Charles Rangel Expects Some Candidates to Drop Out of the Race to Succeed Him

Congressman Charlie Rangel. (Photo: Spencer Platt/Getty Images)

Congressman Charlie Rangel. (Photo: Spencer Platt/Getty Images)

The list of candidates who want to replace Harlem Congressman Charles Rangel is a long one—but the congressman won’t endorse any of them until the list gets a little shorter.

Mr. Rangel, 85 and the dean of the city’s congressional delegation, is set to step down in 2016 after representing Harlem since 1971, and the vacant seat has attracted the attention of State Senator Bill Perkins, Assemblyman Keith Wright, and Adam Clayton Powell IV, the son of Mr. Rangel’s legendary predecessor in Congress Adam Clayton Powell Jr., as well as several lesser-known candidates. Also expected to jump in the race is State Senator Adriano Espaillat, who twice unsuccessfully challenged Mr. Rangel in primary bids that highlighted the changing demographics of the neighborhood, which has been historically black but in recent years has become a majority Latino district.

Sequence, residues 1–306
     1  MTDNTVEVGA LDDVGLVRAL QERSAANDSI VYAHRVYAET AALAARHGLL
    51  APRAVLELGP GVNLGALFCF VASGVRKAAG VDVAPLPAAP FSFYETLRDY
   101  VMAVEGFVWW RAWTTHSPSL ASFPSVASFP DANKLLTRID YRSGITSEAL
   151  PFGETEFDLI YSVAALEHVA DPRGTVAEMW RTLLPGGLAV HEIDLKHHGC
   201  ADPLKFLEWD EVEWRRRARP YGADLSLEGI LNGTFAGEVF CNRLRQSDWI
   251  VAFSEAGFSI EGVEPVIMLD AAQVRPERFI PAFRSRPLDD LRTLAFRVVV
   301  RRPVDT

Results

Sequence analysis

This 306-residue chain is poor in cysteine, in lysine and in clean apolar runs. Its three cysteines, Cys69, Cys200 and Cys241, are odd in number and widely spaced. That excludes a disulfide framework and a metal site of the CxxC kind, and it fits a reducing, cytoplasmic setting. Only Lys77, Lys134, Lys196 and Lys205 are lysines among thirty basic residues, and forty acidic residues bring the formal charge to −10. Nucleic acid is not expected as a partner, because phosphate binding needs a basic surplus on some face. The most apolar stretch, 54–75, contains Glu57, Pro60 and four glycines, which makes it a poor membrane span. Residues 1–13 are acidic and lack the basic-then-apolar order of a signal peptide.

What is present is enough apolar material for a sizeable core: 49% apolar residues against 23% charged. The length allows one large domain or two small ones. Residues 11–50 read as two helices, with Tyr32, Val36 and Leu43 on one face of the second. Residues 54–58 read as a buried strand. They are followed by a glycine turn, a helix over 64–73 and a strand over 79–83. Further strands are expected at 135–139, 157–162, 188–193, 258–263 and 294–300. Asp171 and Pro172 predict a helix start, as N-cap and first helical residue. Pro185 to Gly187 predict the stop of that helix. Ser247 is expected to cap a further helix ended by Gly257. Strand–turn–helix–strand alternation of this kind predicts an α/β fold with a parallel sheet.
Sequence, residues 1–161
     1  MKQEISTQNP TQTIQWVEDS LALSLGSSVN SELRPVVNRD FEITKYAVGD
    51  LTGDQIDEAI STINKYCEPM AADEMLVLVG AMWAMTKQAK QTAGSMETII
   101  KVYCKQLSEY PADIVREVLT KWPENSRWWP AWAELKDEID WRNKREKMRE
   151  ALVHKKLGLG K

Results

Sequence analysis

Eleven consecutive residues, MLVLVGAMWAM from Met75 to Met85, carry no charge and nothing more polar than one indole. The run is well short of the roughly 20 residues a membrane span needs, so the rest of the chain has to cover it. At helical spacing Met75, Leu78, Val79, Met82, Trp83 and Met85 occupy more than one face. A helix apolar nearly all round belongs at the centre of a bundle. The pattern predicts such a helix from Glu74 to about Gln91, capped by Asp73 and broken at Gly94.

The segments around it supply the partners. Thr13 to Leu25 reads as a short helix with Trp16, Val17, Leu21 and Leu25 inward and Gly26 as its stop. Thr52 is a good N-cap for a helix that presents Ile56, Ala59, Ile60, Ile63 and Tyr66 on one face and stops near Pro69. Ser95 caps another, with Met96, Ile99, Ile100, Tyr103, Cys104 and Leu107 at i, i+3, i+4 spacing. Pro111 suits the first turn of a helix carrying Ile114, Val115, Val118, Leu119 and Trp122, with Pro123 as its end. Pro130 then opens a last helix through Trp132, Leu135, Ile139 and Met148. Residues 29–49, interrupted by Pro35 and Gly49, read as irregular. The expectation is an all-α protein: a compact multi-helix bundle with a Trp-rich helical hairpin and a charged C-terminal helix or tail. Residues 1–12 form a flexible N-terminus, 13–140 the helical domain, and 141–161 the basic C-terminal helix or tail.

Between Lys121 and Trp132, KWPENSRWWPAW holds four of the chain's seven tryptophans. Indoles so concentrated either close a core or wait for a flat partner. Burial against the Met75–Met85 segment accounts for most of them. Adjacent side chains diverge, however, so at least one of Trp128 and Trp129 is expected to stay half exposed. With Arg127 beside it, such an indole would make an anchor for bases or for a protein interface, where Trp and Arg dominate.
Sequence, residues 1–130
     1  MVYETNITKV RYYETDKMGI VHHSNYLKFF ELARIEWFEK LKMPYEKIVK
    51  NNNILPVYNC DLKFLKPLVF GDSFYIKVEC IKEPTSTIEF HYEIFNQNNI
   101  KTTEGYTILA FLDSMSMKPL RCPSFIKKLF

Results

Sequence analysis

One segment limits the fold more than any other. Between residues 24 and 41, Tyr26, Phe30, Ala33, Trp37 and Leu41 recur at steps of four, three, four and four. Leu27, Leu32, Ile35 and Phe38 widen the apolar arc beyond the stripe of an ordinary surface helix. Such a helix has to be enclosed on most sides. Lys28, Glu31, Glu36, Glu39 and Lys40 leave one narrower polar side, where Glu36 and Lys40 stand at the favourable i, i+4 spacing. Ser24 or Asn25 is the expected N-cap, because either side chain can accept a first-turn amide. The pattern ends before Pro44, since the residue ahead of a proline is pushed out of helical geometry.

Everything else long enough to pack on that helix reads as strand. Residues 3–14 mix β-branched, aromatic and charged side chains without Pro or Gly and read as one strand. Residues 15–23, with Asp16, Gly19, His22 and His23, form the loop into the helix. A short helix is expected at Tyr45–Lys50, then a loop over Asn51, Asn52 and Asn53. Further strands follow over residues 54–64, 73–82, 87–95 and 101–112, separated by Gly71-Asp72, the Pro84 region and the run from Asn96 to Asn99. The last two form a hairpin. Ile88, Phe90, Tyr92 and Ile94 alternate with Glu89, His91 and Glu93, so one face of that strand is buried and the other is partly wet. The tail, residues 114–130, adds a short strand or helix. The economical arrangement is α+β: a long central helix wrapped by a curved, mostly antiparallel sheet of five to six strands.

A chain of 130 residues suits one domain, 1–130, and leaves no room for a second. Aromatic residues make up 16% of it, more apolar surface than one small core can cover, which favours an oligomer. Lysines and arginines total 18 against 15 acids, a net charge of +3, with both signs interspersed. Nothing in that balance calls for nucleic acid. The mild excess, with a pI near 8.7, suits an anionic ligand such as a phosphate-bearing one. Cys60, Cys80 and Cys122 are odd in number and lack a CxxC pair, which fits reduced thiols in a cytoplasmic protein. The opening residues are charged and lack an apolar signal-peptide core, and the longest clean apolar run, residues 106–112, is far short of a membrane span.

“I have set some criteria—that my candidate would have to have the political support of the many communities that represent my district,” Mr. Rangel told the Observer after an unrelated press conference at Harlem Hospital. “And while I do have a priority, until I see which candidate is able to do, that since we’ve never had a conflict based on our differences, I will reserve the endorsement.”

But even as there has been speculation that other lawmakers, like Assemblyman Guillermo Linares and Assemblyman Robert Rodriguez, will run for the seat, the congressman speculated that the pool of candidates—which already includes former Clinton administration official Clyde Williams, pastor Suzan Johnson Cook, and stay-at-home dad Mark Gallagher—will actually shrink.

“We’ve got a half a dozen months for all of the candidates to come forward, and there’s no question in my mind that some of the names—people have wanted to enjoy saying they have been considered as a candidate, but if you take a look, you can see that they’re not prepared to run,” Mr. Rangel said. “So there’s no sense to me offending them, when very soon they’ll be saying they’re not candidates—according to the federal election board filings.”

Mr. Wright seems to be the most likely candidate to land Mr. Rangel’s endorsement: the assemblyman has been a close ally of Mr. Rangel’s, and his congressional bid is being run by a former Rangel campaign adviser. Mr. Wright is, so far, the best-funded and most-endorsed candidate in the race.